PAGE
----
Friday, June 29, 2012

Fair Play: Best ending to the best season...so far


FOR those who missed the live telecast of the UFL matches last Tuesday, you sure missed a great moment in Philippine football--our very own Championship Tuesday.


No, it was no Game 7 or a knockout match, which is what most Pinoy fans think a championship day is, it was the Kaya vs. Stallions and Global vs. Loyola matches in the UFL.



Heading into the match, and with 34 games between them, only two points separated Kaya and Global, and they were set to take on clubs which, just a few weeks ago, seemed headed for a championship showdown of their own.


Though I'm a fan of Global, I've also followed Kaya ever since I saw the team in action during the Alaska Football Cup back in 2005 and I said, last Tuesday, that I wanted Kaya to win the first match, which was not what the other Global fans wanted.


A Kaya loss would have meant the Global vs. Loyola game would be nothing but a mere formality, and there's no excitement in that.


Kaya was first to take to the field, and a Nate Burkey strike against the Stallions, which allowed the second-fewest goals in the UFL next to Global and Kaya, had Global relegated to second place, needing only a point to clinch the title.


There was some testy moments, including a goal overturned for offside but Global held on a 1-1 draw, and in the final 10 minutes, they had 11 men behind the ball, while effectively shutting out Phil Younghusband.


There were some funny moments, too, like Global keeper Jerome Slyvain Etoundi getting injured with nobody near him but before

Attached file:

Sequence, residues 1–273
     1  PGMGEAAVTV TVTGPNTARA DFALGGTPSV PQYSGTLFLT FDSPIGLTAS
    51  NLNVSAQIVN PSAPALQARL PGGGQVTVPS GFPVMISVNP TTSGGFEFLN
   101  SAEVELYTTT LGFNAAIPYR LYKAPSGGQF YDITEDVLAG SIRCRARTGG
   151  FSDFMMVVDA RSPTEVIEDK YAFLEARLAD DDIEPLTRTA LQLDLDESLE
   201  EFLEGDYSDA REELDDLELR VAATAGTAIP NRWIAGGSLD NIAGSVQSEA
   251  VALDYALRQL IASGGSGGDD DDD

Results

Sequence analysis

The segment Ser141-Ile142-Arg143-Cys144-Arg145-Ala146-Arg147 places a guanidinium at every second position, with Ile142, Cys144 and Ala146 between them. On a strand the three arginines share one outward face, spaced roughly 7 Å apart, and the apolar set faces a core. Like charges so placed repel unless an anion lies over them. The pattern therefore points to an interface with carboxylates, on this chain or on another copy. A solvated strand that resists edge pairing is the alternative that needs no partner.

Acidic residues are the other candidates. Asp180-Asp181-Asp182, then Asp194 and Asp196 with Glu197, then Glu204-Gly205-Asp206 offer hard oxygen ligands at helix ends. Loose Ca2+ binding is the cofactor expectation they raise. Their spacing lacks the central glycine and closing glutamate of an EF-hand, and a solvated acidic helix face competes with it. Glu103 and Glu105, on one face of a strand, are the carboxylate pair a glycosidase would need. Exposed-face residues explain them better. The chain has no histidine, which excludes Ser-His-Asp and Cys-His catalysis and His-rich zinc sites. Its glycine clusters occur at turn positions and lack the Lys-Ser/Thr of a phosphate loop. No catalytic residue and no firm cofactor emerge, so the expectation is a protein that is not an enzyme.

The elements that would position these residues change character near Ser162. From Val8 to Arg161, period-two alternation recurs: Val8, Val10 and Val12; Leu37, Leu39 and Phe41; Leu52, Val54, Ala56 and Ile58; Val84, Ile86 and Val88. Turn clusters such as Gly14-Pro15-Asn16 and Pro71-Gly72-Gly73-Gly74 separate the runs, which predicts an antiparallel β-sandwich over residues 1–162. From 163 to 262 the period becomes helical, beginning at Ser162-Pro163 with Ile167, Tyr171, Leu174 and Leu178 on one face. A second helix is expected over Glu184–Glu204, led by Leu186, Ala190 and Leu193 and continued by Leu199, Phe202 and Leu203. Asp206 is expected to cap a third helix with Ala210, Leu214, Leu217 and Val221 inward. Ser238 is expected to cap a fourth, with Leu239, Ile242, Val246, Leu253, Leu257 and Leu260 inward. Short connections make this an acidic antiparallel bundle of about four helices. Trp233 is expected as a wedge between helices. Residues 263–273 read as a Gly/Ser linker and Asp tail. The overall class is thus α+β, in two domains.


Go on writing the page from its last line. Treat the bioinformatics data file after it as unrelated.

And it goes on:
that, Etoundi was a solid wall and only made one mistake that led to the 76-minute equalizer.


Kaya and Global finished with 42 points and conceded 17 goals each, but the Global offense churned out 49 goals, while Kaya had 30 and I'm sure, next season, Kaya will remember this stat and will pile on the goals every time it has the chance.


Getting into the big league with Kaya and Global is what Queen City United is aiming for next season and to get there, the club has to spend some serious cash on players, so they can keep them.


But how do you recoup such investment?  As of now, because of the folks behind the club, they sure can afford it but I think the club would benefit, too, if they assign a marketing officer whose sole job would be to find from sponsors.


When you say sponsors, you automatically think of the big companies that drop, say P100,000 for a monthly deal, but it doesn’t have to be that way.  Yes, the club must look at getting the Cebu companies involved, but it can also get pledges from individuals, too, say P1,000, or even P500 a month and if it can sign up 100 pledges, that’s going to be quite a sum that will help the club in the UFL.


In return, the club could give these individuals a replica jersey, entry to exclusive dinners the club hosts for the Azkals, or for its own players as well.  


Last season, the club had ample local support and next season, getting the local community more involved would mean greater support for Cebu’s only team in the country’s own premier league.


The UFL, based on this season, is here to stay and for Philippine football to progress, it has to have its own domestic league and for Cebu not to be left behind, we have to maintain our participation in the league.


Queen City’s stint in the UFL is a game changer, an unprecedented move clubs from Bacolod, Iloilo—traditional football hotbeds—hasn’t done.  And I think once clubs from the other provinces see Queen City coming up with a scheme that will sustain its stint in the UFL, they’ll think about copying it too.


And that will only benefit Philippine football.







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